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There is no question now that former Pilot Flying J President Mark Hazelwood and two former company executives, already convicted of cheating truckers out of diesel fuel rebates, will be retried on federal criminal charges.
What remains unknown, though, is when?
At a telephonic federal court hearing Feb. 18, prosecutors and defense attorneys for the three former executives offered differing dates to begin the defendants’ joint trial sometime in the fall. A significant unknown factor is whether it would be safe for a jury, prosecutors, defense attorneys, witnesses and the public to be crammed into a relatively small courtroom in Chattanooga, Tenn., if the COVID-19 pandemic has not subsided.
Scott Wombold, a former vice president, and Heather Jones, a former account representative, also will be defendants. They were convicted by a Chattanooga jury on Feb. 15, 2018, in connection with a multimillion-dollar fraud scheme to siphon fuel rebates away from thousands of truckers.
They will now have to be retried after an appeals court reversed their convictions due to the fact that Senior U.S. District Court Judge Curtis Collier of Chattanooga allowed inappropriate secret tape-recorded conversations among the executives to be heard by the jury.
At the Feb. 18 pretrial hearing, prosecutors for the U.S. Attorney’s Office for the Eastern District of Tennessee said they wanted to start the retrial Nov. 1, but defense attorneys suggested starting Sept. 13. Collier asked prosecutors and defense attorneys to decide on a date, and put it in writing by March 15.
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He also asked the attorneys to decide if it might be appropriate to provide a questionnaire to potential jurors asking if they be would willing to serve, and for how long, despite threats of a lingering pandemic.
“I’m thinking about the virus now,” Collier told the attorneys. “The expectation, at least according to the president, is that everybody should be vaccinated by the end of July.”
The retrial was ordered by a three-judge panel for the 6th U.S. Circuit Court of Appeals in October that reversed the convictions of Hazelwood, Wombold, and Jones. The three were convicted by a Chattanooga jury on Feb. 15, 2018, in connection with the multimillion-dollar fraud scheme.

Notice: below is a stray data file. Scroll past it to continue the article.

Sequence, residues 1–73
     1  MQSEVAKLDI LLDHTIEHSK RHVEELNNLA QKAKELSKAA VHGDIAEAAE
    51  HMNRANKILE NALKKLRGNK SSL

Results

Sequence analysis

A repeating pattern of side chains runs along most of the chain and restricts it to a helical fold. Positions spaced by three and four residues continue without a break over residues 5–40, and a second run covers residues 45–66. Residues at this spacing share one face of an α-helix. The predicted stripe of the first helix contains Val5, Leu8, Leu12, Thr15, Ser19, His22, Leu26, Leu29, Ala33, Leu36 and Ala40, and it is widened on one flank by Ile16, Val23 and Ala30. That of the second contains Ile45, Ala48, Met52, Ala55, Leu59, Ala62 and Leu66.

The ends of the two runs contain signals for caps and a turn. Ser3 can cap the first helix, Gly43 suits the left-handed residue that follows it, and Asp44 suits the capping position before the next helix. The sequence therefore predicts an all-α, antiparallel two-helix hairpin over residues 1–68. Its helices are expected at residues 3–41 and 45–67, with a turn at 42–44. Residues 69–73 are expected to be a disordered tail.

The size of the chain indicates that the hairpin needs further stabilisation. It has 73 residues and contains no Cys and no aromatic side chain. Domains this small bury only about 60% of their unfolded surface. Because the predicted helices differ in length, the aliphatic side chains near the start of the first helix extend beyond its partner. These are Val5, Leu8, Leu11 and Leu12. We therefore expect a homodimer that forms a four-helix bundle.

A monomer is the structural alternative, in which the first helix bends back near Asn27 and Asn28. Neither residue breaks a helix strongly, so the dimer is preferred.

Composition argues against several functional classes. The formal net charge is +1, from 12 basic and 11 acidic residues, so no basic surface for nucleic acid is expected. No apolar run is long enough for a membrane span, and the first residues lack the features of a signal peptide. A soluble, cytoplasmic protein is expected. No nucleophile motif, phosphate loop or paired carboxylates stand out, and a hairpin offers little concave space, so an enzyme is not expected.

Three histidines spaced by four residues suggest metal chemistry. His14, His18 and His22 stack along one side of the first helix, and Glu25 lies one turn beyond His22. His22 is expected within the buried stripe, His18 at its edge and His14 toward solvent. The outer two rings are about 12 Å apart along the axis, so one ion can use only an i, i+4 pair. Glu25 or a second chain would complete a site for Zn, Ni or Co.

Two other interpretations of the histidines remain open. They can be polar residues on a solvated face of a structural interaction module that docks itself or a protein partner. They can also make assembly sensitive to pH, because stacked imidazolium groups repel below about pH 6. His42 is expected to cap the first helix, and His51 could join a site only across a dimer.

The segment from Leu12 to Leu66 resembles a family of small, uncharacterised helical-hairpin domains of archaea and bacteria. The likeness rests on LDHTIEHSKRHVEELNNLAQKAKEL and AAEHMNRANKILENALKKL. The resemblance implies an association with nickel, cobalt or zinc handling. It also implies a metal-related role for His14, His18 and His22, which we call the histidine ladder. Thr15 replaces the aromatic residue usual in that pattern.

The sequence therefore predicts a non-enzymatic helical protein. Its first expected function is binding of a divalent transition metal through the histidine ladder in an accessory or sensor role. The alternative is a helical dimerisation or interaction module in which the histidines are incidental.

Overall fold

In its Oct. 14 decision, the appellate court said the federal district court wrongly admitted recordings of Hazelwood using “deeply offensive racist and misogynistic language” on the theory that if he was “reckless enough to use language that could risk public outrage against the company, he was a ‘bad businessman,’ and as a bad businessman, he was also reckless enough to commit fraud.”
The majority opinion was authored by Circuit Judge Richard Suhrheinrich and supported by Circuit Judge Eric Murphy. Circuit Judge Bernice Donald dissented.
“At issue here is the District Court’s admission of three recordings made on Oct. 25, 2012, at the lake house of a Pilot sales employee,” Donald wrote. “The majority concludes they are not — that the recordings only show Hazelwood’s ‘seriously misguided personal beliefs’ and that ‘having a bad set of personal beliefs did not make it more likely that Hazelwood made bad business decisions, like committing wire or mail fraud.’ ”
Pilot Flying J headquarters in Knoxville, Tenn., was raided by federal agents April 15, 2013. (RaymondClarkImages/Flickr)
The case began with a raid on Pilot’s headquarters in Knoxville, Tenn. More than 50 FBI and IRS agents poured into the company’s three-story offices on the afternoon of April 15, 2013.
Hazelwood’s jury trial lasted more than 27 days. The government called nearly 30 witnesses, including cooperating Pilot employees who pleaded guilty for their roles in the conspiracy. The government also presented emails among the alleged co-conspirators and undercover audio recordings.
Prior to Hazelwood’s trial, 14 former Pilot sales executives had been charged, pleaded guilty and agreed to cooperate with the government while awaiting sentencing. Hazelwood originally was sentenced to 12½ years in prison for his leadership role and fined $750,000.
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